California Health Efforts Serve as Nationwide Models
A San Francisco health access program and a new statewide ban on chemicals in children's products are serving as models for similar initiatives throughout the U.S.
On Tuesday, Howard County, Md., unveiled a program to provide access to health care services for the county's uninsured residents, similar to a program recently launched in San Francisco, the Washington Post reports (DeFord/Otto, Washington Post, 10/16).
Peter Beilenson, Howard County's health officer, said the program is available to adults who:
- Have been living legally in the county for at least one year;
- Have been uninsured for at least one year;
- Are ineligible for state and federal health programs; and
- Meet income requirements.
Beilenson said the county will enroll uninsured children and adults in state and federal health programs for which they qualify (Otto, Washington Post, 10/17).
The program would provide these residents a mix of services from private providers and from the county's hospital and community health centers (Washington Post, 10/16).
Enrollees will pay a monthly fee based on income (Washington Post, 10/17).
The program is similar to Healthy San Francisco, a universal health access program for the city's 82,000 uninsured residents (Washington Post, 10/16).
Participants have access to 14 city health clinics and eight affiliated community clinics, with an emphasis on preventive and chronic disease care (California Healthline, 9/25).
Beilenson said Howard County's program is not health insurance, nor does it cover the cost of health care services outside the county (Washington Post, 10/16).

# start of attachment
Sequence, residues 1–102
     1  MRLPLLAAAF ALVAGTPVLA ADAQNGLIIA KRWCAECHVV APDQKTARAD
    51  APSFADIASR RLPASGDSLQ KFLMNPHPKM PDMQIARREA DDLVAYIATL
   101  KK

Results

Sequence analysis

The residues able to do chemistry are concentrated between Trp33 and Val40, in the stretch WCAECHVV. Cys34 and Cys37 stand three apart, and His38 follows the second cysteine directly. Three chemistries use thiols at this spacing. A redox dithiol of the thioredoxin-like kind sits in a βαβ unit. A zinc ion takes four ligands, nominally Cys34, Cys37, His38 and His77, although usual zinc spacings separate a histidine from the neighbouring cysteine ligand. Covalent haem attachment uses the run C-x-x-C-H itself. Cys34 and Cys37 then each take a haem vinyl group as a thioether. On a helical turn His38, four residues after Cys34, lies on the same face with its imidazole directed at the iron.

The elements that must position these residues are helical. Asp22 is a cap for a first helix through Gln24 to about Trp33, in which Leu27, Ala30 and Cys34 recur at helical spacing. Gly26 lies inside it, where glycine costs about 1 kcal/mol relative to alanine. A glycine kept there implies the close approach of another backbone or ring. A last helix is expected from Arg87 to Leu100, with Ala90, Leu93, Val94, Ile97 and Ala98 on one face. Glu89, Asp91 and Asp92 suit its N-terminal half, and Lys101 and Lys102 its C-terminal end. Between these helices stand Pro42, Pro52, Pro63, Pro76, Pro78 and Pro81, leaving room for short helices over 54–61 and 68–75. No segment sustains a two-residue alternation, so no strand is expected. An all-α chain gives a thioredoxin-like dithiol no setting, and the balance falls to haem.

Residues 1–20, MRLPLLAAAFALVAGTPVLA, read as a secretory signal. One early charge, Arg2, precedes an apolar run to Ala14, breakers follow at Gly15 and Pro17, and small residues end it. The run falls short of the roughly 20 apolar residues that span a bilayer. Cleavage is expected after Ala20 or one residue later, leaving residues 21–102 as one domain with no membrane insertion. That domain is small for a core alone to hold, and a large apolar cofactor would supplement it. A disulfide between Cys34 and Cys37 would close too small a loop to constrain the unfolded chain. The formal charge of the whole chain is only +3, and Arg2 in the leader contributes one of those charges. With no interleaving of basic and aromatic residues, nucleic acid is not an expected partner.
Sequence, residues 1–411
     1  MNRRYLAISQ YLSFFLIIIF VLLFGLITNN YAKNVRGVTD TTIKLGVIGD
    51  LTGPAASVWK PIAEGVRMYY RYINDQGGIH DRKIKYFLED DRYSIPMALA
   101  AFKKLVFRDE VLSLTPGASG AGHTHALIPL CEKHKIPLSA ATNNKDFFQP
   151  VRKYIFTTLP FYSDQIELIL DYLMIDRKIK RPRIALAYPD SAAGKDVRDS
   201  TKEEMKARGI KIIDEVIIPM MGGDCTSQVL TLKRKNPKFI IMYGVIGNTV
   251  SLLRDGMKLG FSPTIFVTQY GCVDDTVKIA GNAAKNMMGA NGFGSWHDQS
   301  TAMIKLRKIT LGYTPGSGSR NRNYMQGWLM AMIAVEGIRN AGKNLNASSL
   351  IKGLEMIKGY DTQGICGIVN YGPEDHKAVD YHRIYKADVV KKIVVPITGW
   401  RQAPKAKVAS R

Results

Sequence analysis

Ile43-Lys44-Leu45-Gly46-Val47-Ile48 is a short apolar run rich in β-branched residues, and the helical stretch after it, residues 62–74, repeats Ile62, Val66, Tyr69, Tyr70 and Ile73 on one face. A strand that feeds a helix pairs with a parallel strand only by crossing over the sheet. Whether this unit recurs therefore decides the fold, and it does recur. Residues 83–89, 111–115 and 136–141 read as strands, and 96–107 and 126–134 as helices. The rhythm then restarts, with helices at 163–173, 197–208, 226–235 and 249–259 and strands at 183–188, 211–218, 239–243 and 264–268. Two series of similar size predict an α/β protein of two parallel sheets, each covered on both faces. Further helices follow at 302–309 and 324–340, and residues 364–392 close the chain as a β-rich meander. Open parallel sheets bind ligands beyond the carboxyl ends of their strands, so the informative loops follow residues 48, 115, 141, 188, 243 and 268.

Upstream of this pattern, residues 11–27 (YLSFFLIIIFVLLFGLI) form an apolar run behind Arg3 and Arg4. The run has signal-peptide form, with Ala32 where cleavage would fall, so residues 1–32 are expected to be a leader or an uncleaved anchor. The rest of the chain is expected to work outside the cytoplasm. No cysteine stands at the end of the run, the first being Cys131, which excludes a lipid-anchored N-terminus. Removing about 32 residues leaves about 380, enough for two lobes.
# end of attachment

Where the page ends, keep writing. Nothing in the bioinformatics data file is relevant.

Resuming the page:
Healthy San Francisco operates under similar guidelines (California Healthline, 9/25).
On Monday, supporters of a measure signed by Gov. Arnold Schwarzenegger (R) that bans the use of phthalates in children's products announced plans to help enact similar laws in at least nine other states and in Congress, the San Francisco Chronicle reports.
The governor signed the legislation amid concerns that phthalates can cause hormonal damage or breast cancer (Chorneau, San Francisco Chronicle, 10/16).
California is the first state in the nation to enact such a ban (Weise, USA Today, 10/17).
Assembly member Fiona Ma (D-San Francisco), author of AB 1108, said, "California continues to lead the nation in protecting children from dangerous chemicals and in safeguarding our environment." She added that the measure "sends a clear message to the Consumer Product Safety Commission that if the Bush administration won't act, states will."
Meanwhile, Sen. Dianne Feinstein (D-Calif.) indicated that she plans to author a bill to expand California's ban nationwide, according to a spokesperson.
The other states planning to introduce similar legislation in the near future include:
- New York;
- Texas; and
- Washington (San Francisco Chronicle, 10/16).
Jack Gerard, president of the American Chemistry Council, said, "This law is the product of the politics of fear" and is neither "good science" nor "good government." He added, "California businesses will now be obliged to take products off the shelves that their customers need and want" (USA Today, 10/17). This is part of the California Healthline Daily Edition, a summary of health policy coverage from major news organizations. Sign up for an email subscription.